Garuda 1

Summary

Garuda 1
Mission typeCommunication
OperatorACeS
COSPAR ID2000-011A
SATCAT no.26089Edit this on Wikidata
Mission duration12 years (planned)
15 years (achieved)
Spacecraft properties
BusA2100AXX
ManufacturerLockheed Martin
Launch mass4,500 kilograms (9,900 lb)
Start of mission
Launch date12 February 2000 (2000-02-12)
RocketProton-K/DM3
Launch siteBaikonur 81/23
ContractorILS
End of mission
DisposalDecommissioned
DeactivatedMid 2015
Orbital parameters
Reference systemGeocentric
RegimeGeostationary
Longitude123° East
Transponders
Band88 L-Band
 

Garuda 1 was an Indonesian communications satellite which is operated by ACeS. It was constructed by Lockheed Martin and is based on the A2100AXX satellite bus. It has two very large antennas, each measuring 12 meter in diameter. Launch occurred on 12 February 2000, at 09:10:54 GMT. The launch was contracted by ILS, and used a Proton-K/DM3 carrier rocket flying from Site 81/23 at the Baikonur Cosmodrome.

History

At the time of its launch, it was the heaviest commercial payload to be launched by a Proton. During its launch, the Block DM3 upper stage made three burns instead of the usual two. This was the first time that the Block DM had used a three-burn ascent profile.

Following its launch and on-orbit testing, it was placed in geostationary orbit at 123° East, from where it provides communications services to Asia. It is equipped with 88 transponders, allowing it to cover the entire continent with 140 spot beams. The satellite is controlled by ACeS Satellite Control Facility situated in Batam island, Indonesia.

The Garuda 1 was originally to be supplemented by a second satellite (Garuda 2), but the plan never materialized.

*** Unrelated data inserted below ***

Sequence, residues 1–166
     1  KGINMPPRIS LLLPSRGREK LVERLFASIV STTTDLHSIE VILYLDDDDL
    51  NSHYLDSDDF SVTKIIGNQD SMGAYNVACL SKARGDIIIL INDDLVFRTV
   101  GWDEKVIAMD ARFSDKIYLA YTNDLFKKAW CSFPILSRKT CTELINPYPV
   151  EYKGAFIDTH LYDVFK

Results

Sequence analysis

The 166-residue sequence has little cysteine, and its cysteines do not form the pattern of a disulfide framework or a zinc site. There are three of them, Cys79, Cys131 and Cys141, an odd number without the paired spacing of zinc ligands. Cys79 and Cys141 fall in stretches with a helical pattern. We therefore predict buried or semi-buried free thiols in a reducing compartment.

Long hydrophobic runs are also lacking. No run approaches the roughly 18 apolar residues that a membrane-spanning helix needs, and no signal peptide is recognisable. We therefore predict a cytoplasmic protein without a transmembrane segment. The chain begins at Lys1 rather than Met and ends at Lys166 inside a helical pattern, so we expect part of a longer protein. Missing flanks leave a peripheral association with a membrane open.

An anomaly with some of the antennae was discovered in September 2000, and significantly reduced the satellite's communications capacity. A few years later more anomalies were found, further reducing its capacity by more than 50%. Several curative actions have been taken by ACeS engineers to salvage the satellite and it is expected to survive another 5–7 years.[citation needed]

In mid-2015, the satellite experienced another malfunction, making it in unusable state. After the malfunction, the satellite was finally retired and was moved into a graveyard orbit.

References

  • Krebs, Gunter. "Garuda 1, 2 (ACeS 1, 2)". Gunter's Space Page. Retrieved 2017-11-30.
  • "Garuda 1". Lyngsat. Archived from the original on 2009-04-30. Retrieved 2009-05-02.
  • McDowell, Jonathan (2000-02-29). "Issue 421". Jonathan's Space Report. Retrieved 2009-05-02.
  • Karash, Yuri (2000-02-11). "The Garuda Communications Satellite". Space.com. Archived from the original on 2009-05-24. Retrieved 2009-05-02.
  • Ray, Justin (2000-02-12). "Mission Status Center". Garuda 1. Spaceflight Now. Retrieved 2009-05-02.
  • "Garuda 1". Geostationary Satellites. Sat-ND. 2000-04-30. Archived from the original on 2008-08-27. Retrieved 2009-05-02.
  • "Chronology of Satellite Failures". Sat-ND. 2009-03-19. Retrieved 2009-05-02.